Sunday, January 27, 2008

Gamblers and 'market forces'

I make no apologies for reproducing below the whole of Tony Probert's letter 'Our economic future in the hands of gamblers' from the Bristol Evening Post, Friday 25 Jan. I've done it because I share his view exactly and have considered posting on it several times. What is going on in Davos (and in particular in France at bank Societe Generale) at present provides ample evidence to back what he says.

What a bizarre economic system we live under. Our very livelihoods depend upon the reactions of "the market", as though it were a supernatural entity hovering somewhere in an ethereal vacuum untouched or influenced by mankind.Let's get it straight - "the market" consists of "human" gamblers who wager vast amounts of money in their quest to make a quick buck.When they get cold feet, they withdraw their money by selling their holdings back to "the market" - very much like a poker player throwing in his hand.Their withdrawals are rapidly matched by their fellow gamblers, and very quickly panic sets in and the bottom falls out of "the market".This has been happening over the past month or two, and the effects are now being felt around the world. with the word "recession" being repeatedly heard.The media have been talking up a recession since the sub-prime mortgage problems emerged in America last September, and now their prophesies have borne fruit with the world's stock markets plummeting as more and more "gamblers" pull out.The upshot of all this is that millions and millions of people who have never gambled in this way are subjected to what is euphemistically called "market forces", and lose their jobs as the share price of their companies falls to such an extent as to make trading impossible.Meanwhile, until a warm feeling seeps back into the gamblers' bones and they start gambling again, the taxpayer gets stung to the tune of billions of pounds as governments use their money to subsidise the gamblers' losses in an attempt to lure them back to gamble their money once more.Margaret Thatcher once said, "you can't buck the markets", and this situation will continue until governments acknowledge that they have been elected to look after the interests of all of the people, and not just those who - through their reckless urge for riches - dictate economic policy across the world.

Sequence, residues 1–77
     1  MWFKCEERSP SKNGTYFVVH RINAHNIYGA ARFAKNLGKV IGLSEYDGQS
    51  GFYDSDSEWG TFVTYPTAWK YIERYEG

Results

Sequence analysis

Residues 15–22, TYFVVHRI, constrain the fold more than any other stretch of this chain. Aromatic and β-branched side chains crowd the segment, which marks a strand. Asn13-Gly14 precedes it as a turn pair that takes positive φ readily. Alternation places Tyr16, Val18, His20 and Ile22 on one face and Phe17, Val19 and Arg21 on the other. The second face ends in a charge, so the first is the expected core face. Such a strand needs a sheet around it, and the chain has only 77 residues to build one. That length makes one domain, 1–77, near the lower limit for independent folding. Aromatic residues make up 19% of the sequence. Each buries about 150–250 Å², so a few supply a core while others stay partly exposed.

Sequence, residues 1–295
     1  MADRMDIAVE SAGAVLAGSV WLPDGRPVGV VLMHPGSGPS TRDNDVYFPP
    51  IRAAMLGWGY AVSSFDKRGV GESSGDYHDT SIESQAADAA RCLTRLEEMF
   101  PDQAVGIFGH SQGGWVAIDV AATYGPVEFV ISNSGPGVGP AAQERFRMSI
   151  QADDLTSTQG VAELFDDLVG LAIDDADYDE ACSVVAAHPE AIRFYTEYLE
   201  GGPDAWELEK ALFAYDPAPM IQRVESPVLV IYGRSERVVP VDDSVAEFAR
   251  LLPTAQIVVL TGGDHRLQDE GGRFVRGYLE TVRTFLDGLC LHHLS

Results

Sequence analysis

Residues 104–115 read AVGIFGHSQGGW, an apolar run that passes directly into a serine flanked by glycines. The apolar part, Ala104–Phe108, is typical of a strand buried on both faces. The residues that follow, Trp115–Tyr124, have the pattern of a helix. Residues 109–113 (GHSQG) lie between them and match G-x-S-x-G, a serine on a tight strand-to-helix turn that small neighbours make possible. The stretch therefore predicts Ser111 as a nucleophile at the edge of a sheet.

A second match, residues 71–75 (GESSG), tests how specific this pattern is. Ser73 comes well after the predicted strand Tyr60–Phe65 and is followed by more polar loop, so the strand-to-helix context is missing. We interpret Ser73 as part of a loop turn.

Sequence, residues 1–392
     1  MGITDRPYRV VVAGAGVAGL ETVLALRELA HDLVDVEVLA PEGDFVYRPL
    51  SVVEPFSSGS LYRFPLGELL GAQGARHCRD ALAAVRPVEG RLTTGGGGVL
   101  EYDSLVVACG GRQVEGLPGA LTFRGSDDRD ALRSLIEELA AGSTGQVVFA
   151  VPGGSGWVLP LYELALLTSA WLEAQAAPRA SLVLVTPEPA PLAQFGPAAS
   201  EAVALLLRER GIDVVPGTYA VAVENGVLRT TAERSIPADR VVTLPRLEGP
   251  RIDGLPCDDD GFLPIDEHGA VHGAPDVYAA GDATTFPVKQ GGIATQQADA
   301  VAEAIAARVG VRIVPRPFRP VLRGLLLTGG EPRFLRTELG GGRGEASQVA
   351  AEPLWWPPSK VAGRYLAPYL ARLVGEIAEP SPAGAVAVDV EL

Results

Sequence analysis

Tony Probert,Locking,near Weston-super-Mare.


  1. Every vote for more government control, higher taxation and centralisation is a just as much a gamble as any stock-market transaction.

    The only difference is that speculators gamble with their own money, whereas voters and politicians gamble with other peoples' money.

  2. I cant agree with your sentiments James. Government's are elected by us, speculators are not. You seem to assume that the letter or my support for it can only mean more government control, higher taxation and centralisation.

    People can and should instead vote for the empowerment of individuals and communities, radically decentralised government, higher taxation for those whose income is already very high and lower taxes for those on low incomes - that's what I want.

    I'd like to know how speculators are accountable to the voters.

    Was the man at Societe Generale gambling with his own money recently - certainly not. Was Nick Leeson gambling with his own money at Barings Bank in the 1990's?


Genuine, open, reasonable debate is most welcome. Comments that meet this test will always be published.